Pro-lifer’s war on the EPA a morally bankrupt case

In the nearly 40-year war that has been the battle over abortion in the United States, liberals have frequently complained about the hypocrisy of those who prostrate themselves before medical clinics and yet fail to turn out for a single state-sanctioned execution or war protest. Those criticisms widened during the last session of the Texas Legislature when the anti-choice contingent threw themselves against all things family planning, including cervical cancer screenings and birth control services at low-income clinics across the state, to score points for their cause.

The unapologetic pile-driving of young women of limited means had many paraphrasing comedian George Carlin circa-1996, who observed that so-called pro-life conservatives “are obsessed with the fetus from conception to nine months. After that, they don’t want to know about you. … No neonatal care, no day care, no head start, no school lunch, no food stamps, no welfare, no nothing.”

But there’s another yawning hypocrisy being played out right now in the largely Republican war against the U.S. Environmental Protection Agency. You can see shades of it in Governor Rick Perry’s willful ignorance on climate change science, his proposed carbon-centric “drill, drill, drill” national energy policy, Texas’ lawsuits against federal efforts to regulate greenhouse gases or tighten air-quality rules, or even the Texas Commission on Environmental Quality censoring references to the troubling pace of sea-level rise in the Gulf of Mexico. All are part and parcel of the same desperate thinking that has allowed the coal-power lobby to claim status — if to nothing else — as a jobs generator.

While utilities across the state have been preparing for inclusion in a “cross-state” air-quality rule that considers one state’s pollution impact on those living in neighboring states, North Texas’ Luminant ignored the drum beat, according to Jim Marston, founding director of the Environmental Defense Fund’s Texas office. “They played a game of chicken hoping they wouldn’t get run over,” he said.

It paid off. As the world dances on economic black ice, the coal industry, culpable in tens of thousands of air-pollution-related deaths per year — has succeeded in advancing a rollback on truly life-saving reforms under the Clean Air Act. “Perry says these regulations are ‘job killers,’” Marston said. “The hard science says these emissions are child killers. Children and elderly.”

When announced this summer the EPA said the new regulations would save as many as 1,700 lives per year in Texas starting in 2014. Yet when EPA rules threaten to shut down a coal plant that can’t meet the thresholds protective of the public health, it’s obviously time to shut down the EPA instead. That’s the kind of thinking that led 15 state attorneys general, including Texas’, to sue the EPA over the rule. The problem here is two-fold: not only is coal killing now, the undervaluing of the damage it does is holding back the next energy revolution — a full unveiling of a pollution-free energy infrastructure, what visionary Jeremy Rifkin calls the Third Industrial Revolution (see “Rifkin on San Antonio, the European Union,” September 28, 2011).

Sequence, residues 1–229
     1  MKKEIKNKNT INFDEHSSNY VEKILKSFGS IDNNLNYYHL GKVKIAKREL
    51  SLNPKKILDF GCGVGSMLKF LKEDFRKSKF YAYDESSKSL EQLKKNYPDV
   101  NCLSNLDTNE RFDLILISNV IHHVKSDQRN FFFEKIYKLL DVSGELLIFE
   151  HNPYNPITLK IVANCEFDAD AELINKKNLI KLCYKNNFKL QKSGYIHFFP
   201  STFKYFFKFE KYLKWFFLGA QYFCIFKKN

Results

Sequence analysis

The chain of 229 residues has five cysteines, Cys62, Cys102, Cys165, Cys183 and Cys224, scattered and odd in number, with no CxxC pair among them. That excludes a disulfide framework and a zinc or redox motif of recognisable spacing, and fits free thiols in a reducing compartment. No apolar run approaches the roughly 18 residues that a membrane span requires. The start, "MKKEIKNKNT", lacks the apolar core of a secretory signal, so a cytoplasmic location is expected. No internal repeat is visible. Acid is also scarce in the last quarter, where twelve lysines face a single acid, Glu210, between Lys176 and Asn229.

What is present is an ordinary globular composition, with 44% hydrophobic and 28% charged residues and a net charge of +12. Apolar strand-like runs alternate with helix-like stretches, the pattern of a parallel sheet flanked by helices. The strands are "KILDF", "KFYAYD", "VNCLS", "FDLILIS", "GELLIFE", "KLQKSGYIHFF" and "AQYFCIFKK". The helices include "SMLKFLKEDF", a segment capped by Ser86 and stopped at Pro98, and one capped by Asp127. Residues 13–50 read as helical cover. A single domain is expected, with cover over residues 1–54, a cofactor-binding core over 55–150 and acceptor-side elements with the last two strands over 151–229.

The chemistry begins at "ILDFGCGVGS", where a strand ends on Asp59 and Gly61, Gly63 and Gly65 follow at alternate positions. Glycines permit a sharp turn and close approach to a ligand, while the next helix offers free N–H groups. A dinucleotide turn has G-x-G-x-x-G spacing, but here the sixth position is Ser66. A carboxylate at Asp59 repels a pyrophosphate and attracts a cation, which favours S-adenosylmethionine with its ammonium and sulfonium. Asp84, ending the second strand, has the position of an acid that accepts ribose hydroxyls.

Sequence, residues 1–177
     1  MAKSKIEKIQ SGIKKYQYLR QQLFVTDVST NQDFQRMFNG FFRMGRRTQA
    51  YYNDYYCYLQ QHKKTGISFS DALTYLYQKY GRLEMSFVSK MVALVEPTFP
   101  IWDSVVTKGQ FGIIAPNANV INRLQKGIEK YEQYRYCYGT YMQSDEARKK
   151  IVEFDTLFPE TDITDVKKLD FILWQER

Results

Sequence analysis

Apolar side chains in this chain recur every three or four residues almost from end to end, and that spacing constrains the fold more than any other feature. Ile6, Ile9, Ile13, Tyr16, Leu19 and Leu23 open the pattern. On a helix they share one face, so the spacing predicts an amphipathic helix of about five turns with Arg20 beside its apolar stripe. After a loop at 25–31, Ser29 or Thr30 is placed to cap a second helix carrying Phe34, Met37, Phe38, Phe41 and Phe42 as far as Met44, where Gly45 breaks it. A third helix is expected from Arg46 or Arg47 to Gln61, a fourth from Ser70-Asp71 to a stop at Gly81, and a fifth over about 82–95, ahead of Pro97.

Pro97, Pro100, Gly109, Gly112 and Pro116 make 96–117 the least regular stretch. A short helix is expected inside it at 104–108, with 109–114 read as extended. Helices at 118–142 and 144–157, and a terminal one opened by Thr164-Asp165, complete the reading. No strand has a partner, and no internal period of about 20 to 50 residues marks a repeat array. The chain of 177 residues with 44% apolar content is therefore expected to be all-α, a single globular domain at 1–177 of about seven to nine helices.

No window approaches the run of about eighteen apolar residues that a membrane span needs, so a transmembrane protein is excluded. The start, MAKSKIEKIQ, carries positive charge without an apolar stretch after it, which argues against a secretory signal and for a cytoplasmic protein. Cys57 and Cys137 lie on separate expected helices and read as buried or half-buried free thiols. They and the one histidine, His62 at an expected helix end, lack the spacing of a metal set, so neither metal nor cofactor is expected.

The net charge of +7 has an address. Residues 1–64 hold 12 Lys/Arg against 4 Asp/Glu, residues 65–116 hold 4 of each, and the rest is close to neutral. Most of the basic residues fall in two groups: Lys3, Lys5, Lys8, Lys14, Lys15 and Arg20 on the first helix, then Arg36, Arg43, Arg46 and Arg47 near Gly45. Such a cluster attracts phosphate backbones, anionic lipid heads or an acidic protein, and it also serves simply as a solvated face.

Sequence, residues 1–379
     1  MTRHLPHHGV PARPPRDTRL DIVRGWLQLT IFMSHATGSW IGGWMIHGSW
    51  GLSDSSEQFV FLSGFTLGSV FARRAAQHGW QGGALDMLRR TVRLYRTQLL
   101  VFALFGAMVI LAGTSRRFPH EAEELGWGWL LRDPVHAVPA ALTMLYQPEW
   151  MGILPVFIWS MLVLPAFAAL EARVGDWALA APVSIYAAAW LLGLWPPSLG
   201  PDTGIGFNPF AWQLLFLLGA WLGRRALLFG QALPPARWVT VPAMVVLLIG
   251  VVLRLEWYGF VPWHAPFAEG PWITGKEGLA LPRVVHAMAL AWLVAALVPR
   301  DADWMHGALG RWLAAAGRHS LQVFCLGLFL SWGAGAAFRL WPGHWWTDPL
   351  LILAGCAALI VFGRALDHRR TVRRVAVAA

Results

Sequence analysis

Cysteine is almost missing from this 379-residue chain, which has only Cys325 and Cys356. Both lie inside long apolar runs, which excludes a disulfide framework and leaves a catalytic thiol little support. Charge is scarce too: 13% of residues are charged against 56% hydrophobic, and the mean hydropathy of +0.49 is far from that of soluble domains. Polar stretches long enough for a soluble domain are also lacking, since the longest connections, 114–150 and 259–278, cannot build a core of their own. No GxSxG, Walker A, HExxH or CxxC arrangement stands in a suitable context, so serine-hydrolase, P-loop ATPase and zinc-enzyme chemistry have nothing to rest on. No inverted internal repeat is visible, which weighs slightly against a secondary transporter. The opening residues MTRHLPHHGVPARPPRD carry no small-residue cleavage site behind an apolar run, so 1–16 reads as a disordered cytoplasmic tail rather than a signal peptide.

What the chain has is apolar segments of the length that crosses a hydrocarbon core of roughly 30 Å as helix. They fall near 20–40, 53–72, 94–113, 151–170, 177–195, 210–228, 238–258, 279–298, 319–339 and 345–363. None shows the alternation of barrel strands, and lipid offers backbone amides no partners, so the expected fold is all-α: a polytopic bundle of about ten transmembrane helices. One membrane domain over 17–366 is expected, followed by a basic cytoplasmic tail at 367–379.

Yet when Luminant — already staggering under a deteriorating credit rating and ever-diminishing natural gas prices — threatened to shut down two coal-fired plants and lay off 500 workers, it was the EPA who blinked, setting to work loosening those rules and offering more pollution allowances to Texas utilities. (Someone obviously forgot to tell the jobs-first crowd that the typical pollution-limiting scrubber represents 100 full-time jobs and two years of labor.)

Like our concluding national love affair with tobacco, we’ve known for a long time that coal power isn’t really as cheap as we believe. We destroy mountains and smother valleys and streams to mine it. The pollution the plants give off is an early death sentence for as many as 36,000 U.S. residents annually, and we’ve only just begun to dramatically change the planet’s climate in large part because of the burning of coal. But the soot from coal-fired plants isn’t only clogging lungs and poisoning hearts. Increasingly diabetes and obesity, epidemic in San Antonio and beyond, are implicated. Mice fed a healthy diet in a lab at Ohio State University and exposed to fine-particulate air pollution akin to what exists in urban areas across the United States saw significant increases in their blood sugar, inflammation-related proteins, and fat cells. And that matters to roughly half of those lining up every day to have their prescriptions filled or blood levels checked at the brightly painted Davila Pharmacy on San Antonio’s Westside. That’s how prevalent diabetes is in this neighborhood, according to pharmacy assistant Isabel Salay.

Yet in Washington, House Majority Leader Eric Cantor is taking on abortion with one hand while dismantling the Clean Air Act — rules aimed at protecting the born and unborn from smog damage as well as autism-suspect mercury and other air toxics — with the other. The White House estimates two of the bills Cantor has advanced represent a combined 32,000 premature deaths. And here in Texas? How to justify Perry’s pledge to “always err on the side of life” against his campaign against public-health protections?

Clearly the champions of the unborn have morally flatlined. •


Lone Star Green appears monthly in the Current.


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